Pianotech

  • 1.  Yamaha CF Touchweight

    Registered Piano Technician
    Posted 11-02-2022 16:11
    It's time to rethink touch weight on our university's Yamaha CF (1986).

    When I replaced the hammers, I followed the advice from David Stanwood in an online masterclass I had attended.  He had suggested that a concert piano in a performance hall should have a strike weight profile of not less than Zone 9, as defined in his protocols.  This means a strike weight of 12.4g on note 1, 11.8g on note 16, 10.5g on note 40, and 8.4g on note 65.

    Stanwood also specifies a front-weight ceiling, which works out to 41.3g on note 1, 37.5g on note 16, 30g on note 40 and 18.6g on note 65.

    Strike ratio worked out to around 5.8 on this action.  It became clear that if I followed the suggestions above, my balance weight would be a little higher than I would consider ideal, 40 to 41g in the lower notes, dropping to a little under 38g in the top half.

    I decided to go with the recommendations above, knowing that I would have easy access to the piano to make adjustments and corrections when I saw how it turned out.

    I elected to set front weight right at the Stanwood ceiling.  This meant removing some weight from the key sticks in the overstrung section, and adding modest amounts of weight above that.  I chose not do drop below the ceiling, in order to minimize my issue with excess balance weight.

    I chose to install Renner Bluepoint hammers, and manipulated the weight to achieve something very close to Stanwood Zone 9.

    The original hammers were well worn, so I couldn't establish their original weight profile.  I have them archived, so going back to measure what they were at the time of removal remains an option.

    Early user feedback indicated that the action felt heavier than expected, and that the tone was overly subdued.  I did some mid-to low shoulder deep needling with the objective of opening up the tone, then proceeded to use B72 to build the tone.  Several months of use have provided some progress in the playing in of the hammers.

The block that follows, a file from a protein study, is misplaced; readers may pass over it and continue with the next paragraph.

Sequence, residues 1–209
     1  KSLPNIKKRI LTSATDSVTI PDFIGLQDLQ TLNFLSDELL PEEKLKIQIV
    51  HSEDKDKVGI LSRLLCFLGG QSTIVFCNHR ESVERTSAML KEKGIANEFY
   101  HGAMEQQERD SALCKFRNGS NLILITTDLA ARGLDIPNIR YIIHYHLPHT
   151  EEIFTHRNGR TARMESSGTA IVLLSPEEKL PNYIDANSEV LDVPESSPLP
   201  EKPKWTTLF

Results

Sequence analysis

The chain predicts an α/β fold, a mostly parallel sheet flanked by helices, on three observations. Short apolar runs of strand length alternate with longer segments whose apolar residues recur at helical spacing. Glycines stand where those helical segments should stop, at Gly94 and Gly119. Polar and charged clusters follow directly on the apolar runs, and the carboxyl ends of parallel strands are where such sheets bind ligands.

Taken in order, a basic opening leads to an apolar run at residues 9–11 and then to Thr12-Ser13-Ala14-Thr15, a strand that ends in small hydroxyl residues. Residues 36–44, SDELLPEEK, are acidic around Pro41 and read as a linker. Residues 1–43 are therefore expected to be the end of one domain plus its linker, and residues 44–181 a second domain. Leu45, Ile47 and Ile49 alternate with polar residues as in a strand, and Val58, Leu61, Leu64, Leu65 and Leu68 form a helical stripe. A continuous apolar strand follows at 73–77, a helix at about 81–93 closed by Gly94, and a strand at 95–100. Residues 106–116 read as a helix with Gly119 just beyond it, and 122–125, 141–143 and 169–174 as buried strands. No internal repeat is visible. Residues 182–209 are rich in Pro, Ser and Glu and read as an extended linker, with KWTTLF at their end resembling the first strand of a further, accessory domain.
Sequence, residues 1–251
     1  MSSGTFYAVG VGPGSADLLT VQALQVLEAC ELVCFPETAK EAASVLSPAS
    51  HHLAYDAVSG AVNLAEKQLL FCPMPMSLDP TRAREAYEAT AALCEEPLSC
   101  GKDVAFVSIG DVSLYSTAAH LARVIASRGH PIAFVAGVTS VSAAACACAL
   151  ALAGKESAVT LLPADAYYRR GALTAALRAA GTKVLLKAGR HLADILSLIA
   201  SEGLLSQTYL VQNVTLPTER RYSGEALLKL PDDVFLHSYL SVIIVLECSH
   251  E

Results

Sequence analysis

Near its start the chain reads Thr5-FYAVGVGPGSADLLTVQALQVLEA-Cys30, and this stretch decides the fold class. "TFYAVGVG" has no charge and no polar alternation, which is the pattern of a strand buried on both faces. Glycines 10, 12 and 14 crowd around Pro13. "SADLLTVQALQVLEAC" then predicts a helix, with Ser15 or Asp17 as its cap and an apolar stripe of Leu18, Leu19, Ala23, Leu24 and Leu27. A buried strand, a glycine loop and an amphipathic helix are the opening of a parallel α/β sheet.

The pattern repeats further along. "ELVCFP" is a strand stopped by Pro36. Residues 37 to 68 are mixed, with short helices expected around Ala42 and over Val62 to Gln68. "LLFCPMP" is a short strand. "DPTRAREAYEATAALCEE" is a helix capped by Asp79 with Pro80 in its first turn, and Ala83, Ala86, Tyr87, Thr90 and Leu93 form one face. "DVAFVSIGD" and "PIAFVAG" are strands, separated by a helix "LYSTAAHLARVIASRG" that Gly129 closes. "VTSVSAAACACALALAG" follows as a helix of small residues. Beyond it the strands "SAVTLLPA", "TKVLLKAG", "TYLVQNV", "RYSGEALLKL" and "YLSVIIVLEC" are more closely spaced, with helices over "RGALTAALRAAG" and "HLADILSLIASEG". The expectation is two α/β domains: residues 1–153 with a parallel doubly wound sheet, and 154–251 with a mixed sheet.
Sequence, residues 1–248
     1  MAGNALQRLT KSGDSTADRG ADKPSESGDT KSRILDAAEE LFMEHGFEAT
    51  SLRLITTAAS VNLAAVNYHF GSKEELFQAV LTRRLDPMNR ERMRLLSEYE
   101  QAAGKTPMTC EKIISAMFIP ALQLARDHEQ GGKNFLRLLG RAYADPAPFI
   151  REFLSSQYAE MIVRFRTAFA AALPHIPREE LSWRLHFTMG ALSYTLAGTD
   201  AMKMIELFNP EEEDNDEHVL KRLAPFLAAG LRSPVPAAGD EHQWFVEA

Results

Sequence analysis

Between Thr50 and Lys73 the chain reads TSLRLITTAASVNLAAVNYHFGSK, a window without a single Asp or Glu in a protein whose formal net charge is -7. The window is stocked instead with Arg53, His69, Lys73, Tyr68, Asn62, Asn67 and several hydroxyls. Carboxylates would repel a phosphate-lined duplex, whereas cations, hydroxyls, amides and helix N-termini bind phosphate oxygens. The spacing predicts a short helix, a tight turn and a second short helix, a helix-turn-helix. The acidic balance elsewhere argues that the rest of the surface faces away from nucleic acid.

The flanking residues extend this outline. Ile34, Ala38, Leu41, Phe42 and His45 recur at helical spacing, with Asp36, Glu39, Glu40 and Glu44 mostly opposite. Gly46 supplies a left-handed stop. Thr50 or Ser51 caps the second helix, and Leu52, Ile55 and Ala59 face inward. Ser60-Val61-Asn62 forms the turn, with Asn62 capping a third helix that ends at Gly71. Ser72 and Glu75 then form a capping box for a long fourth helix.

The arrival of a new piano instructor in our music department opened the door for another opportunity for user feedback.  The new instructor, in collaboration with another trusted artist in our community, spent some focused time at the piano.  The following is feedback that came from that visit:

    "A couple quick observations: the Yamaha needs to be a lot lighter of an action and perhaps brightened up, as it is quite heavy and a bit veiled in tone.  Right now it's a bit of a chore to play on and needn't be. It doesn't really feel like a Yamaha. It has some lovely sound though, and the bass is actually nicer than the Fazioli I find."

    I am considering my options.  I am leaning toward reducing hammer weight, as the hall in which the piano is used is not monstrous in its proportions.  Transgressing the Front Weight Ceiling in the bass is also a thought, since the factory front weight was somewhat higher than the level to which I adjusted it.

    "It doesn't really feel like a Yamaha."  I guess I need to learn what a Yamaha really feels like.

    Thoughts?


    ------------------------------
    Floyd Gadd RPT
    Regina SK
    (306) 502-9103
    ------------------------------


  • 2.  RE: Yamaha CF Touchweight

    Member
    Posted 11-02-2022 16:49
    Consider wippen assist springs to remove FW's inertia. That would mean new reps, I'd go for WNG. A heavy hammer lingers on the string a millisecond longer and kills the high partials. Lighter hammers thru the treble makes it more melodic. The weight of the hammers should have been geared toward the size of the space since you don't have to reach the back row on the third balcony.

    ------------------------------
    Regards,

    Jon Page
    mailto:jonpage@comcast.net
    http://www.pianocapecod.com
    ------------------------------



  • 3.  RE: Yamaha CF Touchweight

    Registered Piano Technician
    Posted 11-03-2022 01:20
    "I guess I need to learn what a Yamaha really feels like."
    Floyd, with all due respect, probably what it felt like before you decided to remanufacture it.

    ------------------------------
    Steven Rosenthal RPT
    Honolulu HI
    (808) 521-7129
    ------------------------------



  • 4.  RE: Yamaha CF Touchweight

    Registered Piano Technician
    Posted 11-03-2022 07:50
    Hi Floyd,

    In my experience a 5.8 Strike Weight Ratio level is too high for a SW#9.   More normal for Yamaha would be SW#7.
    If you want SW#9 with a 38BW then you'll have to reduce the ratio by moving the capstan line.

    David







    ------------------------------
    David Stanwood RPT
    Stanwood Piano Innovations Inc.
    West Tisbury MA
    (508) 693-1583